Definify.com

Webster 1913 Edition


Stamp

Stamp

(stămp)
Verb.
T.
[
imp. & p. p.
Stamped
(stămt ; 215)
;
p. pr. & vb. n.
Stamping
.]
[OE.
stampen
; akin to LG. & D.
stampen
, G.
stampfen
, OHG.
stampfōn
, Dan.
stampe
, Sw.
stampa
, Icel.
stappa
, G.
stampf
a pestle and E.
step
. See
Step
,
Verb.
I.
, and cf.
Stampede
.]
1.
To strike beat, or press forcibly with the bottom of the foot, or by thrusting the foot downward.
Shak.
He frets, he fumes, he stares, he
stamps
the ground.
Dryden.
2.
To bring down (the foot) forcibly on the ground or floor;
as, he
stamped
his foot with rage
.
3.
To crush; to pulverize; specifically
(Metal.)
, to crush by the blow of a heavy stamp, as ore in a mill.
I took your sin, the calf which ye had made, and burnt it with fire, and
stamped
it, and ground it very small.
Deut. ix. 21.
4.
To impress with some mark or figure;
as, to
stamp
a plate with arms or initials
.
5.
Fig.: To impress; to imprint; to fix deeply;
as, to
stamp
virtuous principles on the heart
.
God . . . has
stamped
no original characters on our minds wherein we may read his being.
Locke.
6.
To cut out, bend, or indent, as paper, sheet metal, etc., into various forms, by a blow or suddenly applied pressure with a stamp or die, etc.; to mint; to coin.
7.
To put a stamp on, as for postage;
as, to
stamp
a letter; to
stamp
a legal document
.
To stamp out
,
to put an end to by sudden and energetic action; to extinguish;
as,
to stamp out
a rebellion
.

Stamp

,
Verb.
I.
1.
To strike; to beat; to crush.
These cooks how they
stamp
and strain and grind.
Chaucer.
2.
To strike the foot forcibly downward.
But starts, exclaims, and
stamps
, and raves, and dies.
Dennis.

Stamp

,
Noun.
1.
The act of stamping, as with the foot.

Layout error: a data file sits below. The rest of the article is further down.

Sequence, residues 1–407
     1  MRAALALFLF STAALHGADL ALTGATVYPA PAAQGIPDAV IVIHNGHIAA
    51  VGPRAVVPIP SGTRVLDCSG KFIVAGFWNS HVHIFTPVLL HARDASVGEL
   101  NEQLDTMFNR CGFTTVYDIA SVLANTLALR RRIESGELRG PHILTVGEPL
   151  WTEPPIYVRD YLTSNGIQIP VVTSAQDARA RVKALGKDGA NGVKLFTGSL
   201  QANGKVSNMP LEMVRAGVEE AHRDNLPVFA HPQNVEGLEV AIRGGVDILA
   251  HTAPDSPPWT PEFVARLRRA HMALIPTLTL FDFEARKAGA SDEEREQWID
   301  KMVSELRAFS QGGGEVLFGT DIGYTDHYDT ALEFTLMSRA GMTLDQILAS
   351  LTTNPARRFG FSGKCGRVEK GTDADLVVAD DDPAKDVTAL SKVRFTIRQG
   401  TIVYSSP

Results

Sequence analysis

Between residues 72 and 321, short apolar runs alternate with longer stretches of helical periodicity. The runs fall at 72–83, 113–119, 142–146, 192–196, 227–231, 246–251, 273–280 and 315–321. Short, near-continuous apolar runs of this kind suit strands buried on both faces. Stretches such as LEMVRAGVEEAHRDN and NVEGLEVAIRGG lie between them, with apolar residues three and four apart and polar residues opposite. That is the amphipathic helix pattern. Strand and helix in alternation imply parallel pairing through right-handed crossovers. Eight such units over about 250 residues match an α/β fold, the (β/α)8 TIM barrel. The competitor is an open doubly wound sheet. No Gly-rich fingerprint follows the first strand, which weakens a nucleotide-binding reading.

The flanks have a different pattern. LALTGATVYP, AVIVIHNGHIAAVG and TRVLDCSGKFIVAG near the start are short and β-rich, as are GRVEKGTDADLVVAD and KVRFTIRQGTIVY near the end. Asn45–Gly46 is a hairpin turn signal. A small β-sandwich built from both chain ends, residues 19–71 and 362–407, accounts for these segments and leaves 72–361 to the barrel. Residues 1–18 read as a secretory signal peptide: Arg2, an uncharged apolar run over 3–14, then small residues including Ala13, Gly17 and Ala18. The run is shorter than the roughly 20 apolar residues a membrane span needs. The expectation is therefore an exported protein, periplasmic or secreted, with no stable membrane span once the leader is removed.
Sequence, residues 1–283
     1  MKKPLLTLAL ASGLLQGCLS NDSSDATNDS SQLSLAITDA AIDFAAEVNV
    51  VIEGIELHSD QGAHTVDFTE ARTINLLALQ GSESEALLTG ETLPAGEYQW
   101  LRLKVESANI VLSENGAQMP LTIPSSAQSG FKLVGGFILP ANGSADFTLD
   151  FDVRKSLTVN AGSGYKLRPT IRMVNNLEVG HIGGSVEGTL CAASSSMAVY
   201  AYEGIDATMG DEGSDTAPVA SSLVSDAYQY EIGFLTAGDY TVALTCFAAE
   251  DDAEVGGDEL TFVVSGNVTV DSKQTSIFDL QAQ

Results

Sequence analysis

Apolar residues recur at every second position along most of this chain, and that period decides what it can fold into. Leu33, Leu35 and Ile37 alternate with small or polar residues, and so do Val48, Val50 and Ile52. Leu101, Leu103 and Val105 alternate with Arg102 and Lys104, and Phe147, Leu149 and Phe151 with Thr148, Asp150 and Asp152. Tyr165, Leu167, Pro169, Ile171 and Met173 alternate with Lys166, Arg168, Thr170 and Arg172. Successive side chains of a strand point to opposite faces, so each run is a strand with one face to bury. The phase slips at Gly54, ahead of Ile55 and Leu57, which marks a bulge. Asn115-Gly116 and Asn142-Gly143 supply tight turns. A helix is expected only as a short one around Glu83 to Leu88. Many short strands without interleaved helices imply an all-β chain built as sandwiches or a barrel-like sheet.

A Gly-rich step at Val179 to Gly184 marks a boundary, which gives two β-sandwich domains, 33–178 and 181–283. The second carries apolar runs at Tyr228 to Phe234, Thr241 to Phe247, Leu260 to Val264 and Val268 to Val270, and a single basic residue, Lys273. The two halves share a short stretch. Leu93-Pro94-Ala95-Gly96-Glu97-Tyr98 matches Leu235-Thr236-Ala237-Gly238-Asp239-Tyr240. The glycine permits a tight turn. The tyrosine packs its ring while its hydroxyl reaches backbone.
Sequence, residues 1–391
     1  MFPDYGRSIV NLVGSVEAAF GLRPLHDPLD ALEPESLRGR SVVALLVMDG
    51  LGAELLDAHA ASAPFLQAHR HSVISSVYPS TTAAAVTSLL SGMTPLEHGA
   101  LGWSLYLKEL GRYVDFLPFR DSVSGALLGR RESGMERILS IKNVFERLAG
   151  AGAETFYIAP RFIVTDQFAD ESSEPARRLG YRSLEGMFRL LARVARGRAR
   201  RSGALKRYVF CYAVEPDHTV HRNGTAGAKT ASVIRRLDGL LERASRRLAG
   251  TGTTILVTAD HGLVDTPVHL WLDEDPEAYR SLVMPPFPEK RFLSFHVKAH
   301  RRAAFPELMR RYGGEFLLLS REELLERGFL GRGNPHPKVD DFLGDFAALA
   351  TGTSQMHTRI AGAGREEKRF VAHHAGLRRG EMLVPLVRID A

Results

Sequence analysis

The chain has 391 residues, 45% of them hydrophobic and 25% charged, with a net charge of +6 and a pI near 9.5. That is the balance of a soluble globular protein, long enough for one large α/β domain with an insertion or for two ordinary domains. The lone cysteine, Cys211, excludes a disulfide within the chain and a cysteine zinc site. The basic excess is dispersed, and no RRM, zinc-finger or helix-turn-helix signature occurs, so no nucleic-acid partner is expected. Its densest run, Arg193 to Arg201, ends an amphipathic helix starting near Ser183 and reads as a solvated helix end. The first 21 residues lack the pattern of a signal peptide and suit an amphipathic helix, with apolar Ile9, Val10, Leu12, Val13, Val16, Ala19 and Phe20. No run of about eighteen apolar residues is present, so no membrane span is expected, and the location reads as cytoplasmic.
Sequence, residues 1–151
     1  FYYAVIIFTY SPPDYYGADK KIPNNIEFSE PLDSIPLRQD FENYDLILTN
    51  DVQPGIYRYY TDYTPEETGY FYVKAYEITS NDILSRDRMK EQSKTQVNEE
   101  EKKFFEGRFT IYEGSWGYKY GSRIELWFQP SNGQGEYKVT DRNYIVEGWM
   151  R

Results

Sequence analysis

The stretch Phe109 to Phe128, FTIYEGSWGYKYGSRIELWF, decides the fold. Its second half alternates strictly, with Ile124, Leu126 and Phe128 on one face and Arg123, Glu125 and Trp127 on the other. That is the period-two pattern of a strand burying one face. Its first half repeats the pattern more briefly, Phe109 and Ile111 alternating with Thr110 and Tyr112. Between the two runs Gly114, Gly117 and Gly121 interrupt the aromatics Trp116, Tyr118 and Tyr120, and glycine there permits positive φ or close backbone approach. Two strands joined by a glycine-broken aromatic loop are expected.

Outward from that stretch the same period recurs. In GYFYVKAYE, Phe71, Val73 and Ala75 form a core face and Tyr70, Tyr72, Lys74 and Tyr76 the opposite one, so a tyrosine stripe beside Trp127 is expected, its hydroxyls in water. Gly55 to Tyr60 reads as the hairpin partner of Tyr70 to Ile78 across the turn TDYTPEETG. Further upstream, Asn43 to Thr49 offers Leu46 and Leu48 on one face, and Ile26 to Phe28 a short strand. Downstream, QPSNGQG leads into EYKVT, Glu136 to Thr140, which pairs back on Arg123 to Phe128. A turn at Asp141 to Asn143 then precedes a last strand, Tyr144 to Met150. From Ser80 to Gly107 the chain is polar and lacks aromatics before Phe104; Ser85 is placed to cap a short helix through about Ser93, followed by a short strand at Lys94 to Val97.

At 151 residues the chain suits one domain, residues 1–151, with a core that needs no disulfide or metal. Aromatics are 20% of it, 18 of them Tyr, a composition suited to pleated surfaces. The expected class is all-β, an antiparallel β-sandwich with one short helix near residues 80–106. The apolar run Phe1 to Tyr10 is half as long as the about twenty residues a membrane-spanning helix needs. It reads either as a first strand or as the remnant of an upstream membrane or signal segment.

2.
The which stamps; any instrument for making impressions on other bodies, as a die.
’T is gold so pure
It can not bear the
stamp
without alloy.
Dryden.
3.
The mark made by stamping; a mark imprinted; an impression.
That sacred name gives ornament and grace,
And, like his
stamp
, makes basest metals pass.
Dryden.
4.
That which is marked; a thing stamped.
Hanging a golden
stamp
about their necks.
Shakespeare
5.
[F.
estampe
, of German origin. See
Stamp
,
Verb.
T.
]
A picture cut in wood or metal, or made by impression; a cut; a plate.
[Obs.]
At Venice they put out very curious
stamps
of the several edifices which are most famous for their beauty and magnificence.
Addison.
6.
An official mark set upon things chargeable with a duty or tax to government, as evidence that the duty or tax is paid;
as, the
stamp
on a bill of exchange
.
7.
Hence:
A stamped or printed device, usually paper, issued by the government at a fixed price, and required by law to be affixed to, or stamped on, certain papers, as evidence that the government dues are paid;
as, a postage
stamp
; a tax
stamp
; a receipt
stamp
, etc.
8.
An instrument for cutting out, or shaping, materials, as paper, leather, etc., by a downward pressure.
9.
A character or reputation, good or bad, fixed on anything as if by an imprinted mark; current value; authority;
as, these persons have the
stamp
of dishonesty; the Scriptures bear the
stamp
of a divine origin
.
Of the same
stamp
is that which is obtruded on us, that an adamant suspends the attraction of the loadstone.
Sir T. Browne.
10.
Make; cast; form; character;
as, a man of the same